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This is a follow-up to our quarterly economic update, which we just did two days ago.
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You'll find that on our website in short order.
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If you want to catch up with that, I do see both of these being two halves of a whole and worthwhile to see both of them to get the entire pictures.
00:26 - 00:34
So I hope to take 15 to 20 minutes go through a couple items and see where we are.
00:34 - 00:57
You know as we sit today the market had another volatile day has it has through most of October trade war, impeachment, a lot of unsettlement on the short-term, creating high volatility, you know, once again short-term news is impacting the market more than it should we are going to spend some time talking about continuing to be long-term over time.
00:57 - 01:02
So with that, where are we're going to look at the market.
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Here's the S&P 500.
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And going back to 1996 we do see some of the big market drop in 2008 that we've seen an increase of three hundred and forty percent during that time, you know the point that I want to make today.
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This is it, if we started from the high point in 2000 and we're able to just take a straight line to where we are today.
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We'd be all pretty excited and happy and we wouldn't be
01:34 - 01:37
Looking at the market so hard and reflecting on everything that happens.
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That's not the way it works to get from point A to point B in the stock market, you’ve got to go through all the drama and with that if you're looking for short-term profits within the market, it doesn't work.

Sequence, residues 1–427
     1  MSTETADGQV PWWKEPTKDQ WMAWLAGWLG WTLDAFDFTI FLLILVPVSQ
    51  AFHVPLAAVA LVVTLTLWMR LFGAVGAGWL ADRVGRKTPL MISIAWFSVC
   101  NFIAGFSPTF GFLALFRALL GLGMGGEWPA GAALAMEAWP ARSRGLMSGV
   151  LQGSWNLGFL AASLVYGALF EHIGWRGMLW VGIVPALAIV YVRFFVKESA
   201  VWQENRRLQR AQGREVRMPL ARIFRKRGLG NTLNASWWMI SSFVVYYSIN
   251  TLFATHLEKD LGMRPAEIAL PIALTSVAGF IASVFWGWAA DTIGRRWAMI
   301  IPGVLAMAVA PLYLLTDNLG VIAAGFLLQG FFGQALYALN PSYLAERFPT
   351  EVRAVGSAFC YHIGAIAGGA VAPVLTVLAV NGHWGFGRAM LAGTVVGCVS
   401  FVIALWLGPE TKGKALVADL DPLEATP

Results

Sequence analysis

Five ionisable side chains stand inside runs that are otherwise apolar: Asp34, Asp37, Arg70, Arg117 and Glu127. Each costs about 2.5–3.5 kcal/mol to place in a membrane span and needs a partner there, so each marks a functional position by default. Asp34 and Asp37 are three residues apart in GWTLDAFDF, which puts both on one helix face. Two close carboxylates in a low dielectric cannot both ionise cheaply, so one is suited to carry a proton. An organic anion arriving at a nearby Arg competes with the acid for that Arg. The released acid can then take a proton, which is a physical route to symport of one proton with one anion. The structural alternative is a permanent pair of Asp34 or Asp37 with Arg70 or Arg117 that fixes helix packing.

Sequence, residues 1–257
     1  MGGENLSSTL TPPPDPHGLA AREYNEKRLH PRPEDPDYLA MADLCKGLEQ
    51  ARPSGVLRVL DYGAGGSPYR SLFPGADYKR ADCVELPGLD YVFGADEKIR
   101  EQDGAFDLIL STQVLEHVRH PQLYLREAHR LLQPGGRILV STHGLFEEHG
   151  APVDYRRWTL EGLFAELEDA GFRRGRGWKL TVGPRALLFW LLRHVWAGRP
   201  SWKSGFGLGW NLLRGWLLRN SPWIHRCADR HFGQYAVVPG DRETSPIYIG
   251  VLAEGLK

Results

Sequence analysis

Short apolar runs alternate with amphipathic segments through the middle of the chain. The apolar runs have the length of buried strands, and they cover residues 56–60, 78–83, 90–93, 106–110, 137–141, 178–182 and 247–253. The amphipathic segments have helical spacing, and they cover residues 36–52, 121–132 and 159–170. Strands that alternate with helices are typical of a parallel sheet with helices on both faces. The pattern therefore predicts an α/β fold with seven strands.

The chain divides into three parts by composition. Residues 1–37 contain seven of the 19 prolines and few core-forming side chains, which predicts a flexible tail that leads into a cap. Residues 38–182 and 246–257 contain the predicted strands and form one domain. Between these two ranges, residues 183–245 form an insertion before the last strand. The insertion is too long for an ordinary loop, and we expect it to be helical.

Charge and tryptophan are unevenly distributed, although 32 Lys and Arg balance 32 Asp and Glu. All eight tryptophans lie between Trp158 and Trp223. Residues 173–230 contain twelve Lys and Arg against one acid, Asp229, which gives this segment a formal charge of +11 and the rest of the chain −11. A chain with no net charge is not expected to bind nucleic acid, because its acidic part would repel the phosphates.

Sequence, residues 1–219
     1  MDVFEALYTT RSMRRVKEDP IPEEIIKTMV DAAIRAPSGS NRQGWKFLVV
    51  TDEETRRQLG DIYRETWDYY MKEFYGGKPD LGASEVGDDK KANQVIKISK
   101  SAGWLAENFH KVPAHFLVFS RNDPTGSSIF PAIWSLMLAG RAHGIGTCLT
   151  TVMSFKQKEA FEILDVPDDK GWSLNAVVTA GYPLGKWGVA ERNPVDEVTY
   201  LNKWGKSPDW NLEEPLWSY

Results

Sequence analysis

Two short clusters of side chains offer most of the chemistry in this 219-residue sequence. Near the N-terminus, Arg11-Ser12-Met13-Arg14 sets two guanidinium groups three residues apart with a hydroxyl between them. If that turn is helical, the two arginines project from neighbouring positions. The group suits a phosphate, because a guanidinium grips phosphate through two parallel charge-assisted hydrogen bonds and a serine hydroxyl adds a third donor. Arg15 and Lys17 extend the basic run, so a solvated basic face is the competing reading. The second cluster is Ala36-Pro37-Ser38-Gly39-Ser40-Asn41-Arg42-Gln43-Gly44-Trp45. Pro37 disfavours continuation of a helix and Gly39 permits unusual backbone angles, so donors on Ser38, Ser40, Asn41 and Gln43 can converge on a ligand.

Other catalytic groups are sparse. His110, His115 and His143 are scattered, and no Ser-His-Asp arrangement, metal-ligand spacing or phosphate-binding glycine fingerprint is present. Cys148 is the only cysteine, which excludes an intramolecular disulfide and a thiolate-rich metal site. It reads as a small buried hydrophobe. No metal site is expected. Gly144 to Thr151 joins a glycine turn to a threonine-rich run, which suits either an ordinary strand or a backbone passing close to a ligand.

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It doesn't happen.
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It never will and never has so the stock market is for long-term investing only. Don't let this 10-year run make you think that that situation has changed because it has not.
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Question I get fairly often is you know is the market fairly priced too high to low and from this chart.
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We are currently properly priced in the way that we're looking at that is called price versus earnings.
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So when a company makes one dollar of earnings, we are going to pay sixteen point eight two percent.
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Each times that phone company makes $1 in earnings.
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We're going to pay $16 and 82 cents for that.
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Okay, and you can see over time that we're pretty close to the 25 year average of that and we can see you know, the stock market was clearly overvalued during the tech wreck of 2000 and clearly undervalued during the Great Recession of 2008. So, you know PE ratio has been a nice indicator of where the market is and where we are.
03:05 - 03:07
I keep hearing “well the markets gone up for 10 years…
03:07 - 03:11
…It's time for it to go down” and that's just not how it works.
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The market will go down when earnings go down and we just don't see that today and actually earnings for JPMorgan and United Healthcare came out earlier today and both of those are up going Sachs came out and that was down a little bit.
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So as we kick off the earnings season we will see if how the P/E ratios look as of right now.
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They're doing just fine.
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03:42 - 03:46
Here's the PE Ratio again price versus earnings subsequent one year.
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We don't care about one year.
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We don't invest for one year.
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But look at the five-year annualized returns in each dot here represents a five year period in the stock market here.
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We are in the PE Ratio and you know, so the expected returns during that five-year period.